Neighbors like the landscape designer; they aren't so sure about the rest of the project.
The property in question is 2-4 Brookline Place, and this month, Children's Hospital, which will develop the site, explored questions of building size and parking with Brookline's Economic Development Advisory Board and Brook House condominium residents.
The initial sketches of a building for the large parcel between Station Street and Washington Street/Route 9 at Brookline's eastern end show a nine-story structure set back only slightly from the street, with up to five levels of underground parking.
The hospital and the town reached initial agreement in September that the town would lease the parcel to the hospital for the cost of the potential tax revenue from the nonprofit, which is exempt from property taxes under state law.
Brookline officials estimate the site's potential revenue to the town to be around $1 million a year. The hospital also agreed to be responsible for cleaning up the soil on the site, which once held a coal-gasification plant.
Neighbors seemed unified in their approval of Craig Halvorson, a Brookline resident and the designer of Post Office Square in Boston's Financial District, as the project's landscape architect. Because Children's Hospital also owns 1 and 5 Brookline Place - essentially the entire block - it will develop the open space and manage the site as one unit, according to its vice president for real estate, Charles Weinstein. The hospital has committed to making 25 percent of the site open space.
But neighbors are leery of so much underground parking, and asked whether the hospital planned to shuttle employees from the site to its Longwood Medical Area buildings.
"We don't want that extra traffic," said John Bassett, a Town Meeting member from Precinct 6. "That's ridiculous."
Edie Brickman, a Town Meeting member from Precinct 4, agreed. "I'm not sure they need 600 spaces," she said.
Hospital spokeswoman Michelle Davis said traffic studies and a review will take place before the final plans are drawn to determine the right mix of parking uses. The development has to go through the town's design-review process and probably won't be complete for five to six years, according to Weinstein.
He noted that up to 25 percent of the spaces could be available for overnight rental to Brookline residents, and that after 6 p.m., customers at Village restaurants and shops could use the garage. The hospital also will continue to offer heavily discounted MBTA passes to employees.
"We would happily provide more parking if the town allows or requires it," Weinstein said. The hospital is now doing traffic counts on surrounding streets, and exploring the possibility of allowing a left turn off Route 9 into the building, he said.
The new building would contain one floor, or roughly 20,000 square feet, of retail space, Weinstein said. Upper stories would contain up to 250 offices, exam rooms, or computer lab space.
Much of the research the hospital could do at this site, Weinstein said, is data-crunching. "We're trying to free up space at the hospital to be more clinical space," he said.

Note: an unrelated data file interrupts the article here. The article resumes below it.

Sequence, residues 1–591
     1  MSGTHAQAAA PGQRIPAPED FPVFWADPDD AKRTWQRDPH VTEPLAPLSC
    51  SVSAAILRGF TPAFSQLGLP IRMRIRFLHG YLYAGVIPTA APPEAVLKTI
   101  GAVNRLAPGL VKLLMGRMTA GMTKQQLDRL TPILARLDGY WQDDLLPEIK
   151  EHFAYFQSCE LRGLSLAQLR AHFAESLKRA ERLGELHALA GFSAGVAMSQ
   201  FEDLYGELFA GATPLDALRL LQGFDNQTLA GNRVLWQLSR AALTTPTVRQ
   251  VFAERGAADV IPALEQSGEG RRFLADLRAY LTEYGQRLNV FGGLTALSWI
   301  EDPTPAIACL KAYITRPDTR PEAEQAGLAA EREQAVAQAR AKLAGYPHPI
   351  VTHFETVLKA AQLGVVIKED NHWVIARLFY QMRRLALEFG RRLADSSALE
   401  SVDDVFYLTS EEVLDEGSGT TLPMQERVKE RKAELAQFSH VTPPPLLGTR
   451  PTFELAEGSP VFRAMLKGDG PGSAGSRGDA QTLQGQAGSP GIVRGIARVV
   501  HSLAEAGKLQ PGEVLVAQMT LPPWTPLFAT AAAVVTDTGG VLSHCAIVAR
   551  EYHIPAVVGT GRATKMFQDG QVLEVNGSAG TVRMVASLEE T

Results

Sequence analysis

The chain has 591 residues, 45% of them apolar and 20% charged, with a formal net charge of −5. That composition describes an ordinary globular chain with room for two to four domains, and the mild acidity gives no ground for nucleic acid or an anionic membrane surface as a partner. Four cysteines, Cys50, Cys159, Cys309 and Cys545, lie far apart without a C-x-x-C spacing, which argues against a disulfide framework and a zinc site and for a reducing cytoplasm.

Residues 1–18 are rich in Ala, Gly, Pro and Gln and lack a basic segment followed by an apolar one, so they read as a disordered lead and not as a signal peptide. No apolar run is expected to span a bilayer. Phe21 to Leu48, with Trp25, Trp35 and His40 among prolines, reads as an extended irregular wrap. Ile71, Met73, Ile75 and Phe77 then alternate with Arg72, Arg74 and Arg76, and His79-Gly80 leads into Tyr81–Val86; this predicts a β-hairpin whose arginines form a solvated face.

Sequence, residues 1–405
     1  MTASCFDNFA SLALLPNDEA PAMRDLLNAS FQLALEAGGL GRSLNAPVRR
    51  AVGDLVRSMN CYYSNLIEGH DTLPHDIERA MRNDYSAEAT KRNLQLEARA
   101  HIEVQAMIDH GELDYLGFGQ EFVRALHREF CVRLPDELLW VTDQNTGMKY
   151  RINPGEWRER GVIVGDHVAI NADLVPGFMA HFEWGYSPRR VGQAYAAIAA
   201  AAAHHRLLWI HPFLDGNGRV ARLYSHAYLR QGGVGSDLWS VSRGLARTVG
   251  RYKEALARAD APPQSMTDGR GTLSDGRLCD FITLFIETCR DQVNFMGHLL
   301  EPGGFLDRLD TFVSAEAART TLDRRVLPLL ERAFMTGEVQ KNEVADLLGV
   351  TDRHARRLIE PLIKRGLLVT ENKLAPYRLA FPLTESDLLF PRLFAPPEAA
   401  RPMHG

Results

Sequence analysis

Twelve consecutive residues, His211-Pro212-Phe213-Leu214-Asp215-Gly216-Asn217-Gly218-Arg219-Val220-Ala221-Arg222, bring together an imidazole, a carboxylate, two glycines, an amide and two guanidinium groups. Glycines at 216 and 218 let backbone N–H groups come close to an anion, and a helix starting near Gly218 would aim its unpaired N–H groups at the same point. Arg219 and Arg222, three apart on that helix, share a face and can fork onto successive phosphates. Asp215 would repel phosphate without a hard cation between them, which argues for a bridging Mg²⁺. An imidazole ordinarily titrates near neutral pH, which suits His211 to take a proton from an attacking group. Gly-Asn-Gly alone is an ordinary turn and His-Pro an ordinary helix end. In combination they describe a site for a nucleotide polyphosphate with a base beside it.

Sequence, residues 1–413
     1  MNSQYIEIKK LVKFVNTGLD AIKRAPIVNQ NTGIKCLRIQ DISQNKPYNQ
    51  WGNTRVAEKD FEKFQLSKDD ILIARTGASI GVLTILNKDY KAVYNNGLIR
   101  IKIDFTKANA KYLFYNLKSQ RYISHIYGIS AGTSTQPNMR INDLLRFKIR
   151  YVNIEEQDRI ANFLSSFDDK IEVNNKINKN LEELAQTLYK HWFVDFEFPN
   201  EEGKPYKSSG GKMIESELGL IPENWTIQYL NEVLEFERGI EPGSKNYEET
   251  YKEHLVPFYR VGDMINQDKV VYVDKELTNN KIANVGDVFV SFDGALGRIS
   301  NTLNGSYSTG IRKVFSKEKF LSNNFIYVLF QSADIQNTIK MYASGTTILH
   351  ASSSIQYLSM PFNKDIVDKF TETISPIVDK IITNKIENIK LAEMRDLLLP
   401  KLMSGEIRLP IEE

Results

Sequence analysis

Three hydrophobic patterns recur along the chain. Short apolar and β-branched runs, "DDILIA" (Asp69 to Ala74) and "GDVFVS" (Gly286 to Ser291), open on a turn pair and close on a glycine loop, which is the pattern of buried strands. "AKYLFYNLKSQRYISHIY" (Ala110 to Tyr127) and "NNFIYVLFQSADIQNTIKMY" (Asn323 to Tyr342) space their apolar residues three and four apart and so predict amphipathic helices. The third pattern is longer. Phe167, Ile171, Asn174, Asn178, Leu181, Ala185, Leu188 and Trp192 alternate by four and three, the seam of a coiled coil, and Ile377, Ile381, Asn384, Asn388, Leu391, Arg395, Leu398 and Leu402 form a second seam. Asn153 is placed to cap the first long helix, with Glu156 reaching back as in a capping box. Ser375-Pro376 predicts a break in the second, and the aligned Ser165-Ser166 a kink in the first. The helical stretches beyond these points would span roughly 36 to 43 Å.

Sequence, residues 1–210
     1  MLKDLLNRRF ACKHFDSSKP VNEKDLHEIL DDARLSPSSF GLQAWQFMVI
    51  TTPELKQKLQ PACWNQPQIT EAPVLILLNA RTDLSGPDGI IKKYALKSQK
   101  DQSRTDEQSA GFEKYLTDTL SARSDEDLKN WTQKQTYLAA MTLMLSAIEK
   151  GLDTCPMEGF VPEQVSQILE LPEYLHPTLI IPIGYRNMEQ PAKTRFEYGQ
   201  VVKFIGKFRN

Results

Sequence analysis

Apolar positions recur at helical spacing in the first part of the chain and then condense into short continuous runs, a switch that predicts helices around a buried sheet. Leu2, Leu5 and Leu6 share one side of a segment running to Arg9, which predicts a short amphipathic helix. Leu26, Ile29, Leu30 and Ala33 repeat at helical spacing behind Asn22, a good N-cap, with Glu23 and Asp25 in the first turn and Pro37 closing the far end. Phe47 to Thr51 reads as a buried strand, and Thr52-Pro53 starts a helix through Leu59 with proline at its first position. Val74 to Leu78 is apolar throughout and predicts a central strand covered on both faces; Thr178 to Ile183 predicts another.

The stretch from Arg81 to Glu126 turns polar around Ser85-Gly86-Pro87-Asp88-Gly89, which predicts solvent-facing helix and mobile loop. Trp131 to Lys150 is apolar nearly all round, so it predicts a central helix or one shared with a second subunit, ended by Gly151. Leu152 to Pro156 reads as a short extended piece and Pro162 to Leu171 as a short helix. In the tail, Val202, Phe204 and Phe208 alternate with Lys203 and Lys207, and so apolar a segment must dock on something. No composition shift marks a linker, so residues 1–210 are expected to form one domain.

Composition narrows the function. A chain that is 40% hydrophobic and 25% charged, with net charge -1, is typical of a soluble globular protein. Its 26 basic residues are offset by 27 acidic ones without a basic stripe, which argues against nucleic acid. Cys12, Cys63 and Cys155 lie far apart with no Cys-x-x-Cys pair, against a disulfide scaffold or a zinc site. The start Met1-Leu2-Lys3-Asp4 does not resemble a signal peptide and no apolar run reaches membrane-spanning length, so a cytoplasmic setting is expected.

Bassett commented: "That's a building that can easily be converted to a lab, should market conditions change. There's still a strong feeling in the neighborhood that people don't want a laboratory there."
Children's Hospital initially planned to put a level 2 biolab in the neighborhood, and the site is zoned to allow that use. But according to Davis, the hospital has plenty of new lab space nearer to the hospital, and probably won't need any near Brookline Village. Davis said the hospital is designing the space for medical offices and cannot change the space easily into lab space.
Neighbors also worry about the height of the building, which will have 15-foot-high stories on the lower floors and 13-feet ones above. Basset is concerned about shadows that would be cast on Station Street.
"If they have 11-foot floors, the upper floor will still be higher than Brook House," the condo complex built roughly 35 years ago across Washington Street. "They could go from eight floors to 10 floors if they decrease the ceiling height," he said, which could allow the hospital to accommodate the same number of offices in a thinner tower, with less shadow on neighboring streets.
The hospital is also interested in mitigating the building's impact, although perhaps not in the way Bassett envisions. Weinstein said architects are looking closely at the schedule for the Leadership in Energy and Environmental Design Green Building Rating System, and he believes they can reach a silver, if not a gold, standard. The higher standard probably would lower operating costs, and because the hospital has a 95-year renewable lease on the land, it might pan out in a cost-benefit analysis, he said.
For example, irrigation and storm water will be recycled on site, the exterior may be more heavily insulated than is required by building code, and bicycle cages will be installed in the parking garage.
Children's Hospital is required by town statute to contribute 1 percent of its construction costs, estimated at $75 million, to improve the streetscape around the building. Officials also are planning to overplant the landscape, Weinstein said.
"We want to make this corner sing," he said. "A thousand Children's employees live in town; we have a strong commitment to being a good neighbor."